“The military has learned that when you seed an economy, people will put down their guns,” says Connie Duckworth. “That’s why the Marines asked me to don 30 pounds of body armor to meet with them in Helmand Province in Afghanistan,” where she had established Arzu Studio Hope, an artisanal rug manufacturer that employs 1,000 women, who in turn support 4,000 family members in Afghanistan.
Afghanistan is officially the worst place in the world for women, according to a 2011 study by Thompson Reuters Trust Law. That was quite apparent to Duckworth during her first visit to Afghanistan in 2003, when she was invited by the U.S. State Department to participate in the U.S.-Afghan Women’s Council, a bipartisan commission formed to ensure Afghan women a voice in post-Taliban Afghanistan. As a partner and managing director at Goldman Sachs, Duckworth had always held a strong point of view and mentored women from all walks of life, with the idea that “she who writes the checks controls the agenda.” Having recently retired from Goldman Sachs, Duckworth determined to use her business experience to do something to change conditions for women in Afghanistan.
Soon after her State Department visit, Duckworth established Arzu Studio Hope, choosing rug-making since this was considered an acceptable job for women in Afghanistan. By 2011, having achieved great success in making design-winning rugs for the home, Arzu has moved into the corporate market, selling rugs for C-suite offices and reception areas. The appeal of the rugs is not only their artisanal beauty and quality, but also for socially responsible companies that want to demonstrate their support for fair trade, human rights, and peace and prosperity in a conflict area.
With a holistic approach to community development, Arzu also established schools, and other related social services for employees and their families. The maternal mortality rate, which in Afghanistan is one of the highest in the world, is zero for the women who work at Arzu, since they are all cared for during pregnancy, and chaperoned to a local health clinic when they go into labor.
In the summer of 2010, the Marines invited Duckworth to meet to see how they might collaborate to create employment for women in Helmand Province where they were stationed. The result: Today, 150 local women hand-weave Peace Cord bracelets made from parachute cord and authentic military uniform buttons. Proceeds from Peace Cord sales go toward Arzu social services and to Spirit of America, a nonprofit that partners with the U.S. military to generate private-sector resources to assist U.S. troops in their humanitarian work.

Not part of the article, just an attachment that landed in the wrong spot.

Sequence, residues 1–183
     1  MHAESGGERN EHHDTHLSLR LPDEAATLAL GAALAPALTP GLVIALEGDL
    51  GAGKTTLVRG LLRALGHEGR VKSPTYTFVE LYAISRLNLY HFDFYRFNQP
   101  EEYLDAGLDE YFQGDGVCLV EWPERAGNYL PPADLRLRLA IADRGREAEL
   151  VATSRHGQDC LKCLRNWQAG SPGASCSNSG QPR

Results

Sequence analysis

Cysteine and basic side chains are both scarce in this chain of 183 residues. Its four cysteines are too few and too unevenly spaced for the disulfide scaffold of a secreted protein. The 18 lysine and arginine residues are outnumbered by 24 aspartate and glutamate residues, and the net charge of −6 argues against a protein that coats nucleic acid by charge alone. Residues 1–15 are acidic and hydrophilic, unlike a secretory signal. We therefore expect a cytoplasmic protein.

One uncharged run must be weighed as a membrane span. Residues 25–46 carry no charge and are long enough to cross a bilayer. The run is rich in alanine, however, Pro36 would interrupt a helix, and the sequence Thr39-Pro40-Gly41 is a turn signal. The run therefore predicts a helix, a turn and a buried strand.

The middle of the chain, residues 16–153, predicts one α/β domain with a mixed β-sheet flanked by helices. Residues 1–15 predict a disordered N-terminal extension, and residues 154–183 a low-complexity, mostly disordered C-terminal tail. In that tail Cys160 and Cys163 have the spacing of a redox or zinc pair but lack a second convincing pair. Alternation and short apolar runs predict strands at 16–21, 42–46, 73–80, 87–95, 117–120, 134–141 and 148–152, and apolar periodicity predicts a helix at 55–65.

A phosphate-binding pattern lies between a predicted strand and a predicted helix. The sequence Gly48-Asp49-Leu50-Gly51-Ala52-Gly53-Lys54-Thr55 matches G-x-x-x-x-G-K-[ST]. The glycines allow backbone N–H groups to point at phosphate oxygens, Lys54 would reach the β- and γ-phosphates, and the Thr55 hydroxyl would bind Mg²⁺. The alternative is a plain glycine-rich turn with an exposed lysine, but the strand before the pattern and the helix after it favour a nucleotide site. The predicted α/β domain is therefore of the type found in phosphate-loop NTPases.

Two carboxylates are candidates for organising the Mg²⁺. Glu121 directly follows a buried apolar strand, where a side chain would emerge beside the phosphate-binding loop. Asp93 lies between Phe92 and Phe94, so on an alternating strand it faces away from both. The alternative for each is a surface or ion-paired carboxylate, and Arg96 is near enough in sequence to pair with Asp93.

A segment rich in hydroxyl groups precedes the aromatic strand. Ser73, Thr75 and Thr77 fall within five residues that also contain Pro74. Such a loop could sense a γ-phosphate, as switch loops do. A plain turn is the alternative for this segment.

“This is a new way to support the troops by helping them in their mission to bring peace, prosperity, and stability to conflict areas around the world,” Jim Hake, founder and CEO of Spirit of America, said in an interview.
“We’ve become a learning laboratory for innovation in community development work in emerging countries,” Duckworth says. Arzu continues to work at the grassroots level to introduce low-tech solutions, and seed micro-businesses by training women how to use bio-sand soil water filters to reduce the threat of waterborne illnesses that kill children, and build homes with Superadobe for the hundreds of families that still live in caves.
“By economically empowering women through employment, we are helping to advance peace efforts,” Duckworth says. “When women earn money, they educate their children and raise the level of the community.”
Going back to Duckworth’s lessons from her GS days, she notes that “the reality is that every successful woman is comfortable with money because it’s the medium in which the work of the world gets done.” Not only does Arzu Studio Hope advance the U.S. mission to bring peace, prosperity, and stability to conflict regions, but it also provides a means to improve the world’s worst country for women.
Support Arzu’s social services and the humanitarian work of our troops abroad by ordering your Peace Cord bracelet here.
[Image: Thomas Lee for Arzu Studio Hope]